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Comment Re:Mostly thanks to H1Bs (Score 2) 118

Data like the shitload of news stories about how Disney laid off workers and required them to train their H1B replacements or lose their severance pay?

There have been any number of stories that follow the same pattern. It's very easy to find them if you actually look.

The regulations meant to stop companies from replacing workers with H1B workers simply caused the companies to outsource the work to companies that, coincidentally, are staffed almost exclusively with H1B workers.

Comment Re:And what IS "Magic Leap"? (Score 0) 62

The second sentence in the first link from the summary says "Here is the first public photo of a working prototype of Magic Leapâ(TM)s portable augmented reality device."

It's not the author's fault that you skimmed the first article and went click happy until you were "5 links deep in" before you slowed down enough to actually read what was in front of you.

Comment Re:What are the known risks (Score 1) 122

Of course not. From TFA:
"These are long-chain PFASs that have largely been phased out, in favor of shorter-chain compounds that are thought to have shorter half-lives in the human body, but these shortened forms have not yet been thoroughly studied."

Maybe the shorter chain compounds have similar effects and maybe they leave the body faster. Or maybe not. We don't know.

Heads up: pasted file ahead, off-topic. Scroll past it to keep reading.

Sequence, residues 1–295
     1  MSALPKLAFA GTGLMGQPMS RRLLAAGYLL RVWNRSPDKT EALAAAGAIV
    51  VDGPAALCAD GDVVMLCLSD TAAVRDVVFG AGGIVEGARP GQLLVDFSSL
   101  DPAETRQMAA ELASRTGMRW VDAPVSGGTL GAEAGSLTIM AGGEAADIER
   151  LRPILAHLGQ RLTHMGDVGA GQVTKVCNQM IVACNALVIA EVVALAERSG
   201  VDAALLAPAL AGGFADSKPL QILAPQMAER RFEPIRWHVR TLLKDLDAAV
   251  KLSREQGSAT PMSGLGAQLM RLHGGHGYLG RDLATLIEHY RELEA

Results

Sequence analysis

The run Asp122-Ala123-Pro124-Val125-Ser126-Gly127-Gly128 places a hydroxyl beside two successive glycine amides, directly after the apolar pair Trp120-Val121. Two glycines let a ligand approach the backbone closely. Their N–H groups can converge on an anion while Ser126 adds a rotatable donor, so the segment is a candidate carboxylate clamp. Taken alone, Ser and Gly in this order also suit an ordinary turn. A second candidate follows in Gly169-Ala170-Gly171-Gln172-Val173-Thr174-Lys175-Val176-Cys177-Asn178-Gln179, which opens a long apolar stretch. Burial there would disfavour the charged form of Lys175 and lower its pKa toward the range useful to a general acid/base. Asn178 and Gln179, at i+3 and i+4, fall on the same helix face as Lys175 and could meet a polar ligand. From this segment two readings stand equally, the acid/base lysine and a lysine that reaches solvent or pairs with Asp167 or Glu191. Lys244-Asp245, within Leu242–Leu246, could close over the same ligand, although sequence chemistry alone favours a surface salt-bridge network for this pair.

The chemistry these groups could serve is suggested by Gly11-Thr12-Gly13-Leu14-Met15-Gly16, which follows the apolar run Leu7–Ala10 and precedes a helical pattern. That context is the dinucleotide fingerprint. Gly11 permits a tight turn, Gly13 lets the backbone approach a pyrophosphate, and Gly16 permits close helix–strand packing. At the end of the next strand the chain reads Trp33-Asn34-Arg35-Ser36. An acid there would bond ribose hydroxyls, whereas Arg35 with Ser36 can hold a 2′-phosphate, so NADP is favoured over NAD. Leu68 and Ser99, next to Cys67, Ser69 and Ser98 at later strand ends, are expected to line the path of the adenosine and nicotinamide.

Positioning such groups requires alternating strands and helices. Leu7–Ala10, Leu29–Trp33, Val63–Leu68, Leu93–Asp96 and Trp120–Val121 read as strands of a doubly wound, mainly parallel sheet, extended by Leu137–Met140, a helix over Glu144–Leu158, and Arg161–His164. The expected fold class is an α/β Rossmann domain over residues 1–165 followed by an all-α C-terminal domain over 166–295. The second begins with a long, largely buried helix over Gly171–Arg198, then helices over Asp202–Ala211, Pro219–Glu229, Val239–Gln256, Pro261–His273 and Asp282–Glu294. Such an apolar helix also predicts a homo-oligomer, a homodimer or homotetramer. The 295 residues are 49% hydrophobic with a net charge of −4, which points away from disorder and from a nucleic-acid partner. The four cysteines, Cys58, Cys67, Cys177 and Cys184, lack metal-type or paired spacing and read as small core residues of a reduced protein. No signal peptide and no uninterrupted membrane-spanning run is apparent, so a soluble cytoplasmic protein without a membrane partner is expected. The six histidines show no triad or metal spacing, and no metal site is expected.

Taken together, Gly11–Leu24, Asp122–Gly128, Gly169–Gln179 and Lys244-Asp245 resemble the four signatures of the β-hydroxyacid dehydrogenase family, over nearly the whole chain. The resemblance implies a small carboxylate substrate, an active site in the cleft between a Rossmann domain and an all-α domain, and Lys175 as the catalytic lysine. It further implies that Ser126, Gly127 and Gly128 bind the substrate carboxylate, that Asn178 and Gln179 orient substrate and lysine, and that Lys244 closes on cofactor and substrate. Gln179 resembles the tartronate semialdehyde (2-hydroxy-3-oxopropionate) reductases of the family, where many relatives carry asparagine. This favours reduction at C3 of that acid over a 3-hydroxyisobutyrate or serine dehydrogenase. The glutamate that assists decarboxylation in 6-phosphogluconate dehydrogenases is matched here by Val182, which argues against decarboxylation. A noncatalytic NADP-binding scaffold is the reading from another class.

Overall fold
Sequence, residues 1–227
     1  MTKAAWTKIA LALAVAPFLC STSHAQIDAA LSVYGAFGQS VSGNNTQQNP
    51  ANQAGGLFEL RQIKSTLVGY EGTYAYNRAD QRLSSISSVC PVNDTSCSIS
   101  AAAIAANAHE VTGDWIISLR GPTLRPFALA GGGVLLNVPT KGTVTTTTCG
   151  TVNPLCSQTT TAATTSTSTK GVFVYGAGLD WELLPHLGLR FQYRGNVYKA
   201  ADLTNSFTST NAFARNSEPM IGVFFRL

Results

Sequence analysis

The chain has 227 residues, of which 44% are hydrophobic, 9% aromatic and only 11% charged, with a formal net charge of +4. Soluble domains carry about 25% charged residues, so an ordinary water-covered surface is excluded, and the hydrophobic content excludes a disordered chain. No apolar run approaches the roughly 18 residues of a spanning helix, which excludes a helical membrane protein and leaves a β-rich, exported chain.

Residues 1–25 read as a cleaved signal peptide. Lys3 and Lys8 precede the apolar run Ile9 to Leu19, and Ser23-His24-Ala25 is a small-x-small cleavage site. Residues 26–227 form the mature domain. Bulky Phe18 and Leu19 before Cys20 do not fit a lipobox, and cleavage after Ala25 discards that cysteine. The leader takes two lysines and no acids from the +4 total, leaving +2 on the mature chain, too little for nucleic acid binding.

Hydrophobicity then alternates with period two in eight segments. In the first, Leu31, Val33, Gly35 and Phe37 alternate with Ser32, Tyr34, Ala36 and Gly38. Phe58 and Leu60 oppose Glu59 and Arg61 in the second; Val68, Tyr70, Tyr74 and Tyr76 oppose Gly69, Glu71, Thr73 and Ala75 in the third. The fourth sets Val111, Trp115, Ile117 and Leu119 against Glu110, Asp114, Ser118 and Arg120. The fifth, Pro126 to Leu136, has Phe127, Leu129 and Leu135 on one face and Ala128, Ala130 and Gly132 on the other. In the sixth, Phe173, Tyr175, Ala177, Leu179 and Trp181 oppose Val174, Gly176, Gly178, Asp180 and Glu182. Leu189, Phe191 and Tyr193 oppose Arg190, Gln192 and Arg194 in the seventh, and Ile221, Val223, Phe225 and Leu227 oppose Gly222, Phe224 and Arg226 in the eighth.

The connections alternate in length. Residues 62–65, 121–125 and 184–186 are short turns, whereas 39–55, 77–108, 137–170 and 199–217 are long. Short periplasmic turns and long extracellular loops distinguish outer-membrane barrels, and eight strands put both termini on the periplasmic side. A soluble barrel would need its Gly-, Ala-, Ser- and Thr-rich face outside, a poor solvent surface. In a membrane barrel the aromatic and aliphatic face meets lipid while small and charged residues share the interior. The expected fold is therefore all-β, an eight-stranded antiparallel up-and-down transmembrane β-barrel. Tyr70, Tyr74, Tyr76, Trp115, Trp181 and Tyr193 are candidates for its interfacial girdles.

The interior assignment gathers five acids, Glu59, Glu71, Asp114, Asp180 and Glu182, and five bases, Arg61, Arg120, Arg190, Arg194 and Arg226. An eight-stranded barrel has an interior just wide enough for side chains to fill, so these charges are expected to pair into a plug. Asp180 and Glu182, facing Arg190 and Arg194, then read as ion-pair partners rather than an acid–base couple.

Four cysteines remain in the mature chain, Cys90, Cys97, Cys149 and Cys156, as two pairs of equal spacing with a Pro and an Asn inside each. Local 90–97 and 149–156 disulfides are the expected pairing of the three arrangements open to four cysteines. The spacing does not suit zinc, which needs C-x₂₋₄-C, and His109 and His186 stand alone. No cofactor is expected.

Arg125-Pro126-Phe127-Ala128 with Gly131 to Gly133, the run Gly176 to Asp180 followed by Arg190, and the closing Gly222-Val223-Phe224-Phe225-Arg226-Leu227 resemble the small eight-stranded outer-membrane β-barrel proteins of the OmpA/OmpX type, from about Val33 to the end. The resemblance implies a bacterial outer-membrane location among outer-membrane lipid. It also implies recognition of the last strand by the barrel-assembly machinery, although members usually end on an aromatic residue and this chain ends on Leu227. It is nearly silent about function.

The logical thing would be to demand a study of the compounds that are in use, but good luck getting that with budgets being cut and information being locked down under the current administration.

Comment Re:I think it's safe to say that wouldn't hold up (Score 5, Informative) 216

Your argument wouldn't work because the heart rate data had already been sent to a third party. Since the information was already given to a third party and the third party is the subject of the warrant, it's no longer a case of the defendant being compelled to do anything.

The best argument against the use of the heart monitor data would actually be the HIPAA privacy rule.

Comment Re:I think it's safe to say that wouldn't hold up (Score 5, Informative) 216

You should have read the article rather than the click-bait headline.

They found gasoline on his clothing, the fire starting in multiple places in his house and the guy claimed to have packed up suitcases of his belongings and tossed them out of the house during the fire (while somehow not having time to bother rescuing his cat). The pacemaker data was not the primary evidence used to indict him.

Comment Re:Correct link (Score 1) 75

And 16 hours later the editors still haven't bothered to fix the link.

In any other line of work resubmitting old articles as new, submitting error-filled work that you obviously never proofread, not fixing mistakes and committing all the other errors that /. editors make would get you fired within the first few days. Fortunately for the editors here, the standards for online publishing are so low that they would literally have to be illiterate toddlers to not be qualified for their positions.

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"There is no statute of limitations on stupidity." -- Randomly produced by a computer program called Markov3.

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